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Istanbul: Swimming across the Bosphorus

Stephen Kinzer
Stephen Kinzer

Stephen Kinzer was the New York Times bureau chief in Istanbul. He arrived in the city in 1996 and wrote a book entitled Crescent and Star (2001) when he left. Kinzer fell in love with many aspects of Turkish culture, from the poetry of Salonika-born Nazim Hikmet to the raki and meze (small plates of starters) in Turkish restaurants and the water pipe in the nargile salon. He marveled at the dynamism of the country but also described a country - then on the eve of candidate status for EU membership - in the grips of a great national dilemma: a new nation was emerging but a ruling elite refused to embrace it "or even to admit that it exists":

"Military commanders, prosecutors, security officers, narrow-minded bureaucrats, lapdog newspaper editors, rigidly conservative politicians and other members of this sclerotic cadre remain psychologically trapped in the 1920s. They see threats from across every one of Turkey's eight borders and, most dangerously, from within the country itself. In their minds Turkey is still a nation under siege  […] This dissonance, this clash between what the entrenched elite wants and what more and more Turks want, is the central fact of life in modern Turkey."

Kinzer also fell in love with Istanbul, "the world's most magnificently situated city", and especially with the Bosphorus and its rich history, spanning from the days of the Argonauts sailing to the Black Sea in search of the golden fleece to the commercial waterway of the present.

"In 512 B.C. the Persian emperor Darius built a pontoon bridge across the Bosphorus at its narrowest point, barely seven hundred yards across, so that he could march his army of seventy thousand men into Europe. Overlooking that same spot, Sultan Mehmet II built the breathtaking fortress called Rumeli Hisari, from which he set out to conquer Constantinople in 1453. It still stands, the most exquisite and delicately shaped piece of military architecture on earth."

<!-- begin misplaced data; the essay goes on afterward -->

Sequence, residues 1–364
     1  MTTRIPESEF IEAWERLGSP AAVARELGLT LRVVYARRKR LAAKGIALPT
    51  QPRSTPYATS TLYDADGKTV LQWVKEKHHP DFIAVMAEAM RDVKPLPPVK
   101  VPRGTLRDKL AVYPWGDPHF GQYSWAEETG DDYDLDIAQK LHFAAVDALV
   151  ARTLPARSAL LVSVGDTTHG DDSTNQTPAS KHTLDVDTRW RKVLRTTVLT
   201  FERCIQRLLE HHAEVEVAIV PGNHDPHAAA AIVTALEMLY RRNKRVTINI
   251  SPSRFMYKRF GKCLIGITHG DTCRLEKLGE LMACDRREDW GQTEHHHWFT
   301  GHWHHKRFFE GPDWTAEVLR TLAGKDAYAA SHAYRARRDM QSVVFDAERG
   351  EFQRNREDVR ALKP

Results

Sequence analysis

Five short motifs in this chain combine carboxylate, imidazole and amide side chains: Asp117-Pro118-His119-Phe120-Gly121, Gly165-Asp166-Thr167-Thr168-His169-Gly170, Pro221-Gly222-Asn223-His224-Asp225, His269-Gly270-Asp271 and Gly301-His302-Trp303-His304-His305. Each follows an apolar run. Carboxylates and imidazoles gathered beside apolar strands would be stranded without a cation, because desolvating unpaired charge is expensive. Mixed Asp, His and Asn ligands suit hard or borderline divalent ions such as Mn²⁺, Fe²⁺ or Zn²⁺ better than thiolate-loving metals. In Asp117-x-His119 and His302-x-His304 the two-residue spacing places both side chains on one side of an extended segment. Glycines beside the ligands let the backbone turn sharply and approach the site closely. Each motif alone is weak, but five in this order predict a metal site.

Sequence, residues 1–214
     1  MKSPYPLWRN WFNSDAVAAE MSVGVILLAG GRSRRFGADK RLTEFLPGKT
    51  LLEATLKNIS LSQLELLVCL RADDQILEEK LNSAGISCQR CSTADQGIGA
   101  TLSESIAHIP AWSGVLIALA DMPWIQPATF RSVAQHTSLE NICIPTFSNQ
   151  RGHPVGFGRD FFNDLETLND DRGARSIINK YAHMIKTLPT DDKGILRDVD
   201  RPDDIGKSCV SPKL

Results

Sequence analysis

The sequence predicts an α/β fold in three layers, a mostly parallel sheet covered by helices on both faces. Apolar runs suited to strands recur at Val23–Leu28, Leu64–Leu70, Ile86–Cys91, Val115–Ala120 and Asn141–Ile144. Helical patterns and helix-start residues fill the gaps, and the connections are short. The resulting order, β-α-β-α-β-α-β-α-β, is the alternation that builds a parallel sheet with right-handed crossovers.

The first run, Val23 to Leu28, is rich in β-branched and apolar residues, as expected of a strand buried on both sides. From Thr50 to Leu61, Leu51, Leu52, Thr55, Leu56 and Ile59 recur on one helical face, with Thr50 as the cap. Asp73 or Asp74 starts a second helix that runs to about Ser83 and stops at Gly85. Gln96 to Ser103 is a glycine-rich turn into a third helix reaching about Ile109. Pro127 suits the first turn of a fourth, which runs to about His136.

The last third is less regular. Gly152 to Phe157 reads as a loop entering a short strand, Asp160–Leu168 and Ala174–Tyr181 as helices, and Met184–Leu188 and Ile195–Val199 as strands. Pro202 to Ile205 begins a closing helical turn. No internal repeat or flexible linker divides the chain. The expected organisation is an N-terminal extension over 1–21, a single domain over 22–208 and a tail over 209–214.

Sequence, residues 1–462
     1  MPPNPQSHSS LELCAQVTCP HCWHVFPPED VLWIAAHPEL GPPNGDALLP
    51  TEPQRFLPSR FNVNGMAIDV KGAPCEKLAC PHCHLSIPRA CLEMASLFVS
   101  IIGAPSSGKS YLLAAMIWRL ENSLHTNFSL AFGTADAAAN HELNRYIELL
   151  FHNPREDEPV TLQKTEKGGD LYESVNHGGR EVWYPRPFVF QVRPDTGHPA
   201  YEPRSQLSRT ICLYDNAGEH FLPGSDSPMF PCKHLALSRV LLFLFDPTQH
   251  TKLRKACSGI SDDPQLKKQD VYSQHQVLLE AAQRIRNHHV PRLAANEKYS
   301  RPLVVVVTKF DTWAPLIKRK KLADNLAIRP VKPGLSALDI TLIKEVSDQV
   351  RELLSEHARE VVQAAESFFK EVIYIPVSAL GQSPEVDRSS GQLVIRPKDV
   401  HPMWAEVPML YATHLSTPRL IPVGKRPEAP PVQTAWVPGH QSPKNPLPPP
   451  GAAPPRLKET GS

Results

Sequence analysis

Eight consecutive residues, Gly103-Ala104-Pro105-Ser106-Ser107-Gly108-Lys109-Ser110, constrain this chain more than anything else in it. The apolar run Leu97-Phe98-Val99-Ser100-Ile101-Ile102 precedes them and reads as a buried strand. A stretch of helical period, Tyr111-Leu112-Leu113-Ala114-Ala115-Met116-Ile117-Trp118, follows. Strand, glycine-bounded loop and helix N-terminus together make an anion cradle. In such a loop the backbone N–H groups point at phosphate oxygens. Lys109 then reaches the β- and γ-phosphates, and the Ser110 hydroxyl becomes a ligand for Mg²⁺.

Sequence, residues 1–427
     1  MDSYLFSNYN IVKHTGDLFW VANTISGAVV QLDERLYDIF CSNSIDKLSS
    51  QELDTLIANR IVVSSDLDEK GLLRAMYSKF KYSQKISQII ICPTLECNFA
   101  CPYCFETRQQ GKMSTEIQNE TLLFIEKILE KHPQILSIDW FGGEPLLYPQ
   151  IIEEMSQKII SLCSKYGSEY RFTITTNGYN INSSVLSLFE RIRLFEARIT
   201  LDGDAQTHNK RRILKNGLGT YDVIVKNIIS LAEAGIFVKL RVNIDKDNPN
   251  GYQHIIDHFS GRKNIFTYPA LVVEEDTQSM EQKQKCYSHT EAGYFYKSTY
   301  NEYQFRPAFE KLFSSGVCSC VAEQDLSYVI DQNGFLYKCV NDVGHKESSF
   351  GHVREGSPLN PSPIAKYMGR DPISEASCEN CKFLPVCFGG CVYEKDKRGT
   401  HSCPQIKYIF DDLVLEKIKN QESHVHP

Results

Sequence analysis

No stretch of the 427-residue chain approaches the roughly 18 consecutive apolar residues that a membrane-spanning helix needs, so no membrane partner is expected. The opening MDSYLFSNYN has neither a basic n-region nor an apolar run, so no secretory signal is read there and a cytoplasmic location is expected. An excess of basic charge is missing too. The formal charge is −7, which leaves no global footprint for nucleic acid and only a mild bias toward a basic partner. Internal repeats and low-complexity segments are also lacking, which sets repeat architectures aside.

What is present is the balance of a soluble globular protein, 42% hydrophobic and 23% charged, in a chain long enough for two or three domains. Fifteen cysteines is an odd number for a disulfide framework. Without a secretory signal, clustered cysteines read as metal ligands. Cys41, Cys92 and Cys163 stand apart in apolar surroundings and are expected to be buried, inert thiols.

Kinzer's most enduring Bosphorus fantasy was that of swimming across it. So one morning he set out:

"I wanted to swim westward from Asia to Europe because that is the destiny of Turkish history. We found a small inlet below the ruins of Anadolu Kavagi, a twelfth-century Byzantine castle on the Asian side, and there, after waiting for a freighter to glide silently by, I started. … To orient myself I focused on a green shape on the shore that I first thought was a yali but turned out to be a fishing vessel docked at Yeni Mahalle, the northernmost settlement on the European side. I swam to it and past it. Just thirty-nine minutes after setting out, having covered a distance of slightly more than a mile, I touched the seawall. No moment in my life in Turkey filed me with such rich and complex satisfaction."

Crescent and Star – Turkey between two worlds. Stephen Kinzer. 2001.
[ / Farrar Straus Giroux]

February 2007
Gerald Knaus

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  1. Istanbul: Pamuk's City
  2. Istanbul: Swimming across the Bosphorus
  3. Salonika and the Jews
  4. Salonica: Slaves and Trade
  5. Thessalonika: 1923
  6. Ohrid: Rise and Fall
  7. Tornado of Dust - 1944
  8. Awake Romania - 1989
  9. Novi Sad: Nest of the Serbian nation
  10. Nis: War Capital, 1915
  11. Belgrade and the Selenites
  12. 1996: Serbia Calling
  13. Belgrade Train Station - 1964
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  15. Srebrenica: Blood
  16. Srebrenica: July 1995
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  62. Rumeli and how the Balkans became the Balkans
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